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Russia s Putin appeals to patriotism as key vote reaches climax

Russia s Putin appeals to patriotism as key vote reaches climax
World
All week, millions of Russians have been voting to reform their constitution, many using polling stations set up on tree stumps, park benches and even car boots.

Giant prize draws have helped entice them to the ballot, with the chance of winning everything from shopping vouchers to a car or flat.

Opposition figures have dismissed the whole process as a farce, stretched over a week with no proper monitoring or independent scrutiny.

But for the Kremlin the amendments are vital. The vote will clear the way for Vladimir Putin to stay in power up to 2036, if he chooses.

Not that the president mentioned that in his address to the nation ahead of the final day of voting.

"We are voting for the country we want to live in… and which we want to hand down to our children," Mr Putin declared, standing beneath a giant, ghostly new statue of a Soviet soldier, to underline the "patriotic" theme that runs through this process.

EPA

The sovereignty of Russia is supported by our feelings of genuine patriotism… as well as respect for our history, culture, language and traditions

The biggest overhaul of the constitution since 1993, this vote is partly about setting down Vladimir Putin s vision of Russia: spelling out the values and priorities he has established during two decades in the Kremlin.

"Putin can t just say to himself, I need to do everything possible to stay in power! ," argues Tatiana Stanovaya, the head of R.Politik, a political think-tank.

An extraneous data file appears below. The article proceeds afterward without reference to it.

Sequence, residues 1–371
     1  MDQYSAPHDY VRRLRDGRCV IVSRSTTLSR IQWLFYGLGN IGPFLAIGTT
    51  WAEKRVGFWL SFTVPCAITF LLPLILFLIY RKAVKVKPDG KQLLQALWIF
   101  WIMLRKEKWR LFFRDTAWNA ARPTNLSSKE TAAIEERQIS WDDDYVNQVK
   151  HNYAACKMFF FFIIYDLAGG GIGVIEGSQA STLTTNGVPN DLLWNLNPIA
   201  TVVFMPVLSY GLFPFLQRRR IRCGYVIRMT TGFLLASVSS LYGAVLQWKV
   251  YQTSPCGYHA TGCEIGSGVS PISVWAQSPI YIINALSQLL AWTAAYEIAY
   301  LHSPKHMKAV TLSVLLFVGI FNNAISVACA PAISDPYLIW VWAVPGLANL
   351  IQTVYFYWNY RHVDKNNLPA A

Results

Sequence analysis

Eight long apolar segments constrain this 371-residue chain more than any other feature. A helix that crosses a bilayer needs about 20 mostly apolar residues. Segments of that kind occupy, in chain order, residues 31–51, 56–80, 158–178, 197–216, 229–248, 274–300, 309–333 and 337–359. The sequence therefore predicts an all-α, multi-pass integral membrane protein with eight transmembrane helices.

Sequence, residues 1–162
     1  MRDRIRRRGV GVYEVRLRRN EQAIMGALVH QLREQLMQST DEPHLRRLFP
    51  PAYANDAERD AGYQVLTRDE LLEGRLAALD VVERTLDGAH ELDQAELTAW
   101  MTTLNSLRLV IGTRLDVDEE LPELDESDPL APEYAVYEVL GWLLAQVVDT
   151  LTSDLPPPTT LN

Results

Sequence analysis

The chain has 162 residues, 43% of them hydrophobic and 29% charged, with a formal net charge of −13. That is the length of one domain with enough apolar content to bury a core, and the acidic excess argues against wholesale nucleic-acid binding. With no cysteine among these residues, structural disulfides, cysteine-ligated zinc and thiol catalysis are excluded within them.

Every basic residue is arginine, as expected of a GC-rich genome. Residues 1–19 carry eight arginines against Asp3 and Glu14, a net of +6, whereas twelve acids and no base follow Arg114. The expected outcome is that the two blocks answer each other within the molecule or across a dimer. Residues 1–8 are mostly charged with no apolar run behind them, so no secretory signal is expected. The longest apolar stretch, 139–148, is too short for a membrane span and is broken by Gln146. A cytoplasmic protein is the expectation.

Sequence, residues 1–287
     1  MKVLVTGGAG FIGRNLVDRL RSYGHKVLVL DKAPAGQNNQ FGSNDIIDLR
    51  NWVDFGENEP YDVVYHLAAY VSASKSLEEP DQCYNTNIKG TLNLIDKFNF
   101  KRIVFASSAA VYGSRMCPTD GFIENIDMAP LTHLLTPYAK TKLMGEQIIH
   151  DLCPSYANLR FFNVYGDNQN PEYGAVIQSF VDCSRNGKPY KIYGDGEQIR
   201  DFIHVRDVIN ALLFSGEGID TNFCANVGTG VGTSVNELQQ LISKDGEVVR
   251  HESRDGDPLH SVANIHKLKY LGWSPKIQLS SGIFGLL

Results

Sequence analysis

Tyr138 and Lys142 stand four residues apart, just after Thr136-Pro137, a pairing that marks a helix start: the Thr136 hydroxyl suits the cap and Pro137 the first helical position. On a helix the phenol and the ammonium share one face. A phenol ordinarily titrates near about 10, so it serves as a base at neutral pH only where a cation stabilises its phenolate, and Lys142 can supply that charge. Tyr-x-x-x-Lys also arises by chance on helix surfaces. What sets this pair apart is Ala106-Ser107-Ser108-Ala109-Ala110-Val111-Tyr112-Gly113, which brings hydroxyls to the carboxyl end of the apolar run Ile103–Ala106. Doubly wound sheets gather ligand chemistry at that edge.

Image caption "We re choosing the future today," reads this notice in a block of flats, with the word Yes above it

"People try to hide the low things they re doing within something more grandiose and positive. So he says instead, I want to create a great Russia, and stay in power too ."

The new constitution includes articles promoting a patriotic education, reiterating the ban on same-sex marriage and adding explicit mention of God - all in line with the increasing cultural conservatism of Vladimir Putin s rule.

Image caption Wednesday is the final day for Russians to vote on the constitutional reforms

Those "ideological" articles, alongside "social" ones like minimum wage guarantees, are the changes actively discussed on state TV and by celebrity endorsers.

By contrast, the amendments allowing Vladimir Putin to restart the clock on his presidency when his current term ends in 2024 - and so run for twice more for president - are barely mentioned.

They were left off the initial information on the vote altogether.

The amendments cover dozens of existing articles, and add several new ones. They fall broadly into three categories and many enshrine things in the constitution that are already federal law:

Banning any action aimed at the "expropriation" of Russian territory, or calls for that.

Protecting the "historical truth" of the Great Patriotic War (1941-1945) and banning any "belittling" of the feats of those who fought.
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